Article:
Q4 2018 Commentary – Mackenzie Global Equity & Income Team | Mackenzie Investments

Q4 2018 Commentary

Mackenzie Global Equity & Income Team

Market Review

During Q4 2018, Mackenzie Global Dividend Fund (Series F) returned -7.4%, and has now returned 10.4%, annualized, since portfolio manager change. This compares with the MSCI World Net Return Index ($CDN) Q4 return of -8.5%, and 9.9%, annualized, since portfolio manager change. Stock selection in Communication Services contributed positively to relative performance during Q4. Stock selection in Industrials detracted from quarterly performance.  

Mackenzie US Dividend Fund returned -13.8% during Q4 2018 and has now returned 9.8% annualized, since inception. This compares with the S&P 500 Total Return Index ($CDN) Q4 return of -8.6% and 13.6%, annualized, since inception of the Fund. Stock selection in the Consumer Staples and Industrials sectors detracted from quarterly performance.

In Q4, global stocks staged their worst quarterly performance in more than seven years after tighter US monetary policy, tensions between China and the US, and political uncertainty in Europe fanned doubts about the global economic outlook. During the quarter 10 out of 11 sectors fell in the MSCI Index fell (in local currency terms), led by Energy and IT, with Utilities being the lone sector that posted gains. Global companies that were linked to investment cycles were harshly punished as we approached the end of the year, as factories and companies suddenly began losing or delaying orders as concerns over a full-blown trade war began to impact management decisions. Highlighting how difficult it is to make broad asset allocation decisions in such an environment, this month is turning out to be one of the best January’s in decades as the Fund has made back nearly all the losses that occurred in 2018.

US stocks slumped in the fourth quarter as political uncertainty intensified and the Federal Reserve disappointed those who hoped the central bank would end its rate increases when it delivered an expected US cash rate increase in December of 25 basis points to 2.25%. This was the ninth increase since the global financial crisis and investors were disappointed (along with Trump, who implied he might “look into” firing Powell) that the Fed only reduced its forecast for rate increases in 2019 from three to two. Since that time Jerome Powell has dialed back his hawkish rhetoric somewhat by suggesting the Fed will take a more pragmatic approach to its rate hike path as it explicitly acknowledges the increasing global risks. That being said, the US ended 2018 with the jobless rate at a 49-year low of 3.7% and inflation largely contained to about 2% on key barometers.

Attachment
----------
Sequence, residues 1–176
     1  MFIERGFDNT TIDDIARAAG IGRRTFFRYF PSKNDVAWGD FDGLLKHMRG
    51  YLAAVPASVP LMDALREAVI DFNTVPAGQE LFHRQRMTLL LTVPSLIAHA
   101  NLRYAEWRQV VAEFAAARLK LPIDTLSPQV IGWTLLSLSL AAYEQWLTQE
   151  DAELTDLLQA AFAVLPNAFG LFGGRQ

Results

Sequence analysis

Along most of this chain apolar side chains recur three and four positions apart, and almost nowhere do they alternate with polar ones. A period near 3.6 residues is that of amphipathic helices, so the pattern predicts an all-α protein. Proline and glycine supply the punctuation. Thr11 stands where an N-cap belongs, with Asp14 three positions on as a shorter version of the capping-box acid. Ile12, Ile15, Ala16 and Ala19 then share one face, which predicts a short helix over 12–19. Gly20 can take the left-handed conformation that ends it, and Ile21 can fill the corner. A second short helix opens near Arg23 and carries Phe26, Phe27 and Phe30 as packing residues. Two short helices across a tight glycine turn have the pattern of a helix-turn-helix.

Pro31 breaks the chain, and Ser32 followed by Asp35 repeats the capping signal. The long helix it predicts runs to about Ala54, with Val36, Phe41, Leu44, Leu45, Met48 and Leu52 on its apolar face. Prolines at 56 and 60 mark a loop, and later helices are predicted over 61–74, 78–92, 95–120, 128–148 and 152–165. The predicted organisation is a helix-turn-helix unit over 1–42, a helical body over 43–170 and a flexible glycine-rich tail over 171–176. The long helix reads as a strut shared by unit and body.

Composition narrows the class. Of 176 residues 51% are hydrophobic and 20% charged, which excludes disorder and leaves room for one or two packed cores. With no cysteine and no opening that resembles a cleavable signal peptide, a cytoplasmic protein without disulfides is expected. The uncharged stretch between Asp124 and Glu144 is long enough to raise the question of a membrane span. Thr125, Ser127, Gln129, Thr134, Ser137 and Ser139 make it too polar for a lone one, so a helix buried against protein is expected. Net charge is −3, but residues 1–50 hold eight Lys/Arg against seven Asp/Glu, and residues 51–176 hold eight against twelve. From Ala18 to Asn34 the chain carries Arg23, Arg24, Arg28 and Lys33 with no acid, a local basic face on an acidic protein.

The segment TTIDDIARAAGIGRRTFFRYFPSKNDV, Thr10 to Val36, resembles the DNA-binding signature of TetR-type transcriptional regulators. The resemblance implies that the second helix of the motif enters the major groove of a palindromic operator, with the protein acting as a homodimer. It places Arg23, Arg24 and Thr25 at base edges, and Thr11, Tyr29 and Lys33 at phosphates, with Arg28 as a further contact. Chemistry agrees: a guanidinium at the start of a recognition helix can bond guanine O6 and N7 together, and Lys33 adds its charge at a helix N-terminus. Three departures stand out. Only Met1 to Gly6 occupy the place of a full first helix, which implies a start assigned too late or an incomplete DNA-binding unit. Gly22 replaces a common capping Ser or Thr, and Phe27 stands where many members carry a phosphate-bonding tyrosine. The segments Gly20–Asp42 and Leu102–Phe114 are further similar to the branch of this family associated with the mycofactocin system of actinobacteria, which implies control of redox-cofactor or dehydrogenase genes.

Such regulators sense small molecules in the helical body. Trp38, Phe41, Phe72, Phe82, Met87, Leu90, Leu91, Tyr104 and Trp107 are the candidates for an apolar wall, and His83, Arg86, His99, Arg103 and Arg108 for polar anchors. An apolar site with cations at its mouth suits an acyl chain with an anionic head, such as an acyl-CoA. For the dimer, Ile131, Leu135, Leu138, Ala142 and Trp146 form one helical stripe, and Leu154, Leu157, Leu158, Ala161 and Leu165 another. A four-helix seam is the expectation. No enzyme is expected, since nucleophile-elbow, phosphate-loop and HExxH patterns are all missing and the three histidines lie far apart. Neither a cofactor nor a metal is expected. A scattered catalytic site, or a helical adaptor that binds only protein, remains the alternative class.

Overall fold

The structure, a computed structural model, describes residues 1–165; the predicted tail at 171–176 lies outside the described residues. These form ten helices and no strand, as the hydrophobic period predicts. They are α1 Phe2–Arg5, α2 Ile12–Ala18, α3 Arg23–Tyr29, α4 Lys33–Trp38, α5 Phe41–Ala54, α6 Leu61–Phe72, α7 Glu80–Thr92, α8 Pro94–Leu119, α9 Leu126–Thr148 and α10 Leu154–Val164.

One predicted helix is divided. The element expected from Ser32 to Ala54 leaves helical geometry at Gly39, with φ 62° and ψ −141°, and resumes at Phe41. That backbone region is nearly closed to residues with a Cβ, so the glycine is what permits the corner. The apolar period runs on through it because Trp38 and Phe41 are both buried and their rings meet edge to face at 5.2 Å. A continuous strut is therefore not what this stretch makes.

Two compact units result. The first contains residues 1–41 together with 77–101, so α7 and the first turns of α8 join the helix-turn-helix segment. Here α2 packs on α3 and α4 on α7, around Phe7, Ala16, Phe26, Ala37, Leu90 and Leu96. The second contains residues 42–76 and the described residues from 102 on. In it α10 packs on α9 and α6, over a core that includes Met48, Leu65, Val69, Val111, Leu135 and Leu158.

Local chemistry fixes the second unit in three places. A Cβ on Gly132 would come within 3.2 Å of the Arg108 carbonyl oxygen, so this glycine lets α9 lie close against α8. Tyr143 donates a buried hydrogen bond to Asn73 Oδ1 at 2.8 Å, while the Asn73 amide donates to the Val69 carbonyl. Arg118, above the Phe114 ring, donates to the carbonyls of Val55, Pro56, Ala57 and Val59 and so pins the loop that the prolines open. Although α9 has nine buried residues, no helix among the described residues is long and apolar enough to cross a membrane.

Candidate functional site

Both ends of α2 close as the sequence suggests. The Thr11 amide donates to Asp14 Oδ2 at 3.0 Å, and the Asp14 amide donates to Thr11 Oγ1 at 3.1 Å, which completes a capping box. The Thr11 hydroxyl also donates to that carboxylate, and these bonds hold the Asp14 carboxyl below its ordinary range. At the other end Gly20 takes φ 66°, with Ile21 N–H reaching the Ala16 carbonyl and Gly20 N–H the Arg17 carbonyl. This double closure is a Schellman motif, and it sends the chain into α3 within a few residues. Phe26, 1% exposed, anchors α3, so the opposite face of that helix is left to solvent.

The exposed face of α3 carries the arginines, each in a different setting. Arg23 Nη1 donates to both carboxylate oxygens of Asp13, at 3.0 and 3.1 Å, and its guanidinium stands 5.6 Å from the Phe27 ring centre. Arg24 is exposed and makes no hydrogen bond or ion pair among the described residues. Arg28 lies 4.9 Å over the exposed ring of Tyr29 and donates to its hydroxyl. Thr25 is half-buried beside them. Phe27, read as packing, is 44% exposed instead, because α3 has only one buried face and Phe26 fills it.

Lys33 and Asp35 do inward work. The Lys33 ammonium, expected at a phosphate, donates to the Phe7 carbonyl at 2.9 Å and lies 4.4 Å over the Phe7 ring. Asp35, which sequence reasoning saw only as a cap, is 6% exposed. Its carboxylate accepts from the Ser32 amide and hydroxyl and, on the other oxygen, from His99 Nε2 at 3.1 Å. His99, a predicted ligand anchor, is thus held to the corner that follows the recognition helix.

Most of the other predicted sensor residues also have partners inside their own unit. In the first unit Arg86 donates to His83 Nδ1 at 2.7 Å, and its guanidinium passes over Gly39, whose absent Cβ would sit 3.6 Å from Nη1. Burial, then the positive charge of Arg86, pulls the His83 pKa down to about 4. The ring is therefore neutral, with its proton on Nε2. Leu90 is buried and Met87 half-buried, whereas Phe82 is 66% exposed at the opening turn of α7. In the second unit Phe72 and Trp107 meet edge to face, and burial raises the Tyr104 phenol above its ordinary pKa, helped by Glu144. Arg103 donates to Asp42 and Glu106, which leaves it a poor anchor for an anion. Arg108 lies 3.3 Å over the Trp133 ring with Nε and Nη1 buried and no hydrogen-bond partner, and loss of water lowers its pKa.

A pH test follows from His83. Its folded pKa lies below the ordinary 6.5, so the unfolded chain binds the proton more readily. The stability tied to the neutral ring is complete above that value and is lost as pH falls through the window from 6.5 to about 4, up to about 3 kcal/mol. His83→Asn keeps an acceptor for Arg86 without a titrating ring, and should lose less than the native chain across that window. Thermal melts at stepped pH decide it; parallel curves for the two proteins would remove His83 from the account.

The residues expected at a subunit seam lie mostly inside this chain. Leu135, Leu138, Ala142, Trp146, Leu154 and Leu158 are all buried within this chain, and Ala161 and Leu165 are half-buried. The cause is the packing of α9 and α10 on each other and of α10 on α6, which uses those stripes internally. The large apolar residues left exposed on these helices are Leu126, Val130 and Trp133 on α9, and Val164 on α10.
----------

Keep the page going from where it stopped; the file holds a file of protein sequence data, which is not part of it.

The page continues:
Concerns about the Trump administration grew after Defence Secretary James Mattis quit in December over the President’s decision to pull US troops from Syria. Concerns rose further when an impasse with Congress about paying for a wall along the Mexican border led to a partial government shutdown, taking pay cheques away from over 800,000 federal employees and gumming up a range of services, from national park garbage collection to airport security to product launches for craft brewers. 

European stocks fell as political concerns in France, Germany, Italy and the UK grew and the risk of a recession in the eurozone rose after Germany’s economy contracted in Q3. Even though concerns grew that the eurozone economy barely expanded in the third quarter, the European Central Bank said it would end its net asset-buying by year end. In France, Emmanuel Macron took a political hit when he gave in to the widespread demands of the yellow vest protesters. German politics also was jolted when the political party led by Chancellor Angela Merkel fared poorly in two state elections in October, forcing her to announce her intention to step down as the leader of the Christina Democratic Union at year end. How long she can continue to be the leader of Europe’s biggest economy without leading a domestic political party remains to be seen. And finally, the UK government of Theresa May postponed a parliamentary vote on Brexit from Dec 11 until mid-January. In the last week of January May defeated a proposal to delay Brexit if the UK fails to formalize new commercial agreements with the EU. So…Brexit will proceed as planned, even though the plan remains unclear. The European Commission president recently warned that Britain’s attempt to reopen its EU divorce deal had increased the chances of a disorderly Brexit and that EU leaders should “prepare for the worst” with less than two months remaining before the UK is set to leave the union.  If such an event were come to pass, it would make the partial shutdown in the US look like a cakewalk.